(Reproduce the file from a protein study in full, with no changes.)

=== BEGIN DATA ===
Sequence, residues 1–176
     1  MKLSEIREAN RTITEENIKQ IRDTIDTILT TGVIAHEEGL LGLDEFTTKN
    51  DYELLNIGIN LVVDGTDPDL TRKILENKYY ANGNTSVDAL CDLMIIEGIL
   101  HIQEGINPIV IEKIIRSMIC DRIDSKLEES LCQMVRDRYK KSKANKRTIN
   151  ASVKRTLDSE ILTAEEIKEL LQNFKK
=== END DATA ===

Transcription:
Sequence, residues 1–176
     1  MKLSEIREAN RTITEENIKQ IRDTIDTILT TGVIAHEEGL LGLDEFTTKN
    51  DYELLNIGIN LVVDGTDPDL TRKILENKYY ANGNTSVDAL CDLMIIEGIL
   101  HIQEGINPIV IEKIIRSMIC DRIDSKLEES LCQMVRDRYK KSKANKRTIN
   151  ASVKRTLDSE ILTAEEIKEL LQNFKK